John Hollingsworth's Environmental and Engineering Consultants, Inc., saw its $1.2 million consulting contract for county work on Valencia Road, from Mark Road to Camino de la Tierra, inflate by 45 percent. The firm boosted its price by $552,796 because the work expanded to include plans for an additional mile of road adjacent to the Pascua Yaqui's new Casino del Sol.

Environmental and Engineering Consultants put $1,300 into the campaign that persuaded voters to approve what is the largest ever--2.2 times greater than the four previous road bond packages combined--county transportation plan.

Ashton joined construction giants Sundt and Granite with the largest contributions to the 1997 bond campaign, $7,500 each.

A spin-off firm, Southern Arizona Paving, is headed by Marlene Ashton and Lawrence Ashton. It is a structure that makes the firm eligible for incentives and favorable bidding through women and minority enterprise programs such as the one the county instituted seven years ago. Southern Arizona Paving put $2,500 into the political campaign for the bond plan in 1997.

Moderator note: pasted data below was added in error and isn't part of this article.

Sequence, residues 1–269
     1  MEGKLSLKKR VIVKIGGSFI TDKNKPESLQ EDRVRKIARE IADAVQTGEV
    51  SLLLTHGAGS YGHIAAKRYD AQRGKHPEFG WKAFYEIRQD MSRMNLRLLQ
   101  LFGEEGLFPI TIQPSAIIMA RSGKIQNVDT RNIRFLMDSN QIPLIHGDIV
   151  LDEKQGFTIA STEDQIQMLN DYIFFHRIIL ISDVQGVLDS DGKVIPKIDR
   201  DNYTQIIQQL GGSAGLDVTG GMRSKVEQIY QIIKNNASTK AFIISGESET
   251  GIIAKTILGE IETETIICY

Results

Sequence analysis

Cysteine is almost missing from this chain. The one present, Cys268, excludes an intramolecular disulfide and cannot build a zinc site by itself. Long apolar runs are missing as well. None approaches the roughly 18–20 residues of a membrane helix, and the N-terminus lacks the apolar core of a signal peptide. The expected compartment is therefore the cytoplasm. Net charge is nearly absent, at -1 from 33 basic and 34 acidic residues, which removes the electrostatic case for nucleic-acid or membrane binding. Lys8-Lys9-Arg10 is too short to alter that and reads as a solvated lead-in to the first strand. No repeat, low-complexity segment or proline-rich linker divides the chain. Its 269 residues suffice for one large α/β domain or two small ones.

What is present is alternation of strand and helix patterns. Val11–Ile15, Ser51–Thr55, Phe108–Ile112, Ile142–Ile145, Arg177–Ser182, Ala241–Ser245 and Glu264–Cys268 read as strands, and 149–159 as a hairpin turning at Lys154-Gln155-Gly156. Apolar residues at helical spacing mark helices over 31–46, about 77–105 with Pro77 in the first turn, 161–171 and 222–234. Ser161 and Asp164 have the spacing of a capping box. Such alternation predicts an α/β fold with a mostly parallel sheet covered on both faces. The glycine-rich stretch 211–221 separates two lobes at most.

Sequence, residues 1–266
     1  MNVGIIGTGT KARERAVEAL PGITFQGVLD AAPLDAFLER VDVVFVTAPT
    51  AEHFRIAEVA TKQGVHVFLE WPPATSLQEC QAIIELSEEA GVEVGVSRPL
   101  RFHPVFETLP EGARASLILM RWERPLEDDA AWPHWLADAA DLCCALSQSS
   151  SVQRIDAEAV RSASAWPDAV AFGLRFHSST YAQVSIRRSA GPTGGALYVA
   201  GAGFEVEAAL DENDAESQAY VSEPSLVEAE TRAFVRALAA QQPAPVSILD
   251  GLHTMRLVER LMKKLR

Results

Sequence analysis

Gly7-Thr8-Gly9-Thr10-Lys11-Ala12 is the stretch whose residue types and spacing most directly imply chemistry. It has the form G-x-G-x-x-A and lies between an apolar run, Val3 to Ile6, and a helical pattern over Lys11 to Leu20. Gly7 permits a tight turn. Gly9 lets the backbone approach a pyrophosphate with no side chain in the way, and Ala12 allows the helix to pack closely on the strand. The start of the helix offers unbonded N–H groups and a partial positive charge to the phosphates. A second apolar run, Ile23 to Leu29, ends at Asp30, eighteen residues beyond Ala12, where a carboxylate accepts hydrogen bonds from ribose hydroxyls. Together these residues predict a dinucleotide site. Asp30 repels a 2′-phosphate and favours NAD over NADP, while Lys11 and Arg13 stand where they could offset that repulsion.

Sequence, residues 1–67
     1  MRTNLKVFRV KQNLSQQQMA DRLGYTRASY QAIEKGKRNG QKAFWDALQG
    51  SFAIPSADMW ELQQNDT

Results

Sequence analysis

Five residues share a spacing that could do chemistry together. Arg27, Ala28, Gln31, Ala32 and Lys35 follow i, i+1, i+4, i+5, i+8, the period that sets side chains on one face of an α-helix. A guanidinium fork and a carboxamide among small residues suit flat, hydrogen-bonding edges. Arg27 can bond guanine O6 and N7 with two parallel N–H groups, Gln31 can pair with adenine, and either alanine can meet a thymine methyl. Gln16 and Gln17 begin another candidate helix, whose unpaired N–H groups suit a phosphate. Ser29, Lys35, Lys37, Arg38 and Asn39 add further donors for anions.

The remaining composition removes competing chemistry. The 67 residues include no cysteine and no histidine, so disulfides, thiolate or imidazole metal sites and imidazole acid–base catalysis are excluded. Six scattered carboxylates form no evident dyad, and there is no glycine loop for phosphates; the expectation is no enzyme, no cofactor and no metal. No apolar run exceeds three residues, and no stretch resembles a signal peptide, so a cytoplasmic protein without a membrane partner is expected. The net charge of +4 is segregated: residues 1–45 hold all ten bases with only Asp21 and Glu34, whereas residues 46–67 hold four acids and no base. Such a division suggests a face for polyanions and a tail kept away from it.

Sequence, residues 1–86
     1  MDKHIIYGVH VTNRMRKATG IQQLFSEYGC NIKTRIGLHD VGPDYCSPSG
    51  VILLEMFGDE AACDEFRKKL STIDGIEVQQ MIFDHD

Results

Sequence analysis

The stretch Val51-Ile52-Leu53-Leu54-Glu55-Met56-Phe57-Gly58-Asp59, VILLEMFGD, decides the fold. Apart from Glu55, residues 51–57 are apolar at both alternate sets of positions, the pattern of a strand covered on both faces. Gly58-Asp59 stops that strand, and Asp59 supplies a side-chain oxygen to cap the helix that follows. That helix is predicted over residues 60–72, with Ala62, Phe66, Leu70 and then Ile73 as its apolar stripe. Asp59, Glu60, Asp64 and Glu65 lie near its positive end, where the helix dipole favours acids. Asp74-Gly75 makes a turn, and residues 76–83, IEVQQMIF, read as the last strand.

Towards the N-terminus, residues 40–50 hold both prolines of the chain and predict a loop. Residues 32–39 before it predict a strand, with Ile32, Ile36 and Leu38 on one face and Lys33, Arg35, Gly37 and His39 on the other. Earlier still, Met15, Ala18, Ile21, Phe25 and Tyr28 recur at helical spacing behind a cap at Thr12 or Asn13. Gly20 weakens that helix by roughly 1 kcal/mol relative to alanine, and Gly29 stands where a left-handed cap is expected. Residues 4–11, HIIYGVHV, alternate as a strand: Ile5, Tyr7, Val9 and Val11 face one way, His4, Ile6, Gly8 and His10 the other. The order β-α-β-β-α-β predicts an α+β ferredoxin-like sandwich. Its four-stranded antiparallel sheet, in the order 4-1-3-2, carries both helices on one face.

It won work in South Tucson, home turf to powerful Democratic Supervisor Dan Eckstrom.

Southern Arizona Paving provided the lowest of four bids on November 10, 1998, just a year after voters approved the county road plan. But what started as a $2.17 million project ballooned to $4.46 million, with changes in asphalt type, specifications and additional work on sidewalks and curbs.

County Administrator Chuck Huckelberry said the scope of work changed to include more work on South Tucson neighborhood streets, including what are now ubiquitous speed humps. Paved alleys are not uncommon in Tucson neighborhoods.

City of Tucson officials have been particularly vexed because Eckstrom was successful in redirecting $10 million in county bond funds for widening 22nd Street to more neighborhood work in South Tucson and other parts of his South Side District 2. The move was spurred by the lack of a promised city match and requests by the city to move the $10 million for construction projects on Grant Road or other crowded Tucson streets.